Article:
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The Escrow

The Escrow An escrow is a deposit of funds, a deed or other instrument by one party for the delivery to another party upon completion of a particular condition or event. Whether you are the buyer, seller, lender or borrower, you want the assurance that no funds or property will change hands until ALL of the instructions in the transaction have been followed. The escrow holder has the obligation to safeguard the funds and documents while they are in the possession of the escrow holder, and to disburse funds and convey title only when all provisions of the escrow have been complied with.

The escrow officer will process the escrow, in accordance with instructions and when all conditions required are met, the escrow will be "closed."

The key to any transaction is to read and understand your escrow instructions. Your escrow officer is not an attorney or tax expert so you should consult a lawyer or accountant for any advice. The escrow officer is there to follow the instructions given by the principals in the escrow.

Respond quickly to correspondence will assist in the timely closing of the transaction. If you are required to deliver funds into the escrow, make sure that you provide "good" funds in the form required by the escrow officer.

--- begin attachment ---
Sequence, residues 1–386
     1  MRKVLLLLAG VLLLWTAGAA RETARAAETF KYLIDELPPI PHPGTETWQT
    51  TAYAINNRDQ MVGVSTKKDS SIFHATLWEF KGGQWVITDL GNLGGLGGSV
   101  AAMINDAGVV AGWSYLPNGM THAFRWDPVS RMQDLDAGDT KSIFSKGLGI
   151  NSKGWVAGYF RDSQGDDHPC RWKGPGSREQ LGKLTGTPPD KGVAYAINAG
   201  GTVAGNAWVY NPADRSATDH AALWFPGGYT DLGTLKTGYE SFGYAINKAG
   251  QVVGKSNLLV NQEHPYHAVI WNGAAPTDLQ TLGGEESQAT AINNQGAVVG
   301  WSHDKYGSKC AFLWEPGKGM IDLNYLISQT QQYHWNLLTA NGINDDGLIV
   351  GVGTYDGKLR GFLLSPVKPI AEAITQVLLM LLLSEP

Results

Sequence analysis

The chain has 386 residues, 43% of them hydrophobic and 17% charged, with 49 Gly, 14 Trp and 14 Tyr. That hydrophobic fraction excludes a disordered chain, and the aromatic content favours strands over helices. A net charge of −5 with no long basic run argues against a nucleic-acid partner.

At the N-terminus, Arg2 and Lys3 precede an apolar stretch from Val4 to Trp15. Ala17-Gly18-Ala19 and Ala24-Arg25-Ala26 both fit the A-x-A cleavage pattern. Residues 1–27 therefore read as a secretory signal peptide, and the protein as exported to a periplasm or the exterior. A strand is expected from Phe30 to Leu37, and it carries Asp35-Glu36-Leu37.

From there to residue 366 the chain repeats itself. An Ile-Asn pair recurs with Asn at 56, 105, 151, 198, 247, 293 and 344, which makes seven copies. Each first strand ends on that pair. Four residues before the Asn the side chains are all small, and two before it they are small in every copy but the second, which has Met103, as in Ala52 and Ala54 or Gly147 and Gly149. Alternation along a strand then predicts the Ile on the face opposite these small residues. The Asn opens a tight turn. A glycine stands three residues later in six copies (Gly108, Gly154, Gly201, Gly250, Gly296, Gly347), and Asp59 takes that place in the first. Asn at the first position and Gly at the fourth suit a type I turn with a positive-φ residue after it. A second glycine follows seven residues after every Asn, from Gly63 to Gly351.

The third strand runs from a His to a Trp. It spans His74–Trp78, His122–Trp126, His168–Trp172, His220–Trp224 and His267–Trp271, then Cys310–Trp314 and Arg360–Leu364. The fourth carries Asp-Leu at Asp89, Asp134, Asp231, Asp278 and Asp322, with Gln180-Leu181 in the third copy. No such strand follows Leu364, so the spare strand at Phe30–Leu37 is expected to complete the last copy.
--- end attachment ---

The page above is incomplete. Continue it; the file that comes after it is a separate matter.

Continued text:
If you are obtaining a new loan, your escrow officer will be in touch with the lender who will forward their loan documents to escrow for signing. You should be aware that these papers are lender's documents and cannot be explained or interpreted by the escrow officer.

A closing statement is an accounting, in writing, which details the charges and credits of your account. The items shown on the statement will reflect the purchase price, the funds deposited or credited to your account, payoffs on existing encumbrances and liens, the costs for all services and a determination of the funds you are entitled to at the close of the escrow.

Your closing statement and all other escrow papers should be kept for income tax purposes. Your accountant will need the information about the sale or purchase of the property. IRS and other agencies may require you to prove your costs and or profit on the sale of any property.

The escrow holder has no control over the costs of other services that are obtained, such as the title insurance policy, the lender's charges, insurance and recording charges. Your escrow officer can provide you with an estimate of the escrow fees and costs as well as fees charged by others, provided such information is available.

Title Insurance is obtained when real property is purchased. The policy insures the owner or the lender of clear ownership of the property. The title policy is written after an extensive examination of the public record is made and the recording of the required documents.

The property taxes are prorated there will be an item in your closing statement that will reflect either a credit or charge to your account. Supplemental Property Taxes is another concern of the buyer. Upon transfer of real property, a supplemental tax bill is generated. It is your responsibility to ensure the proration amount is paid.

After the closing, the escrow agent records the deed and title transfer that make the home officially yours.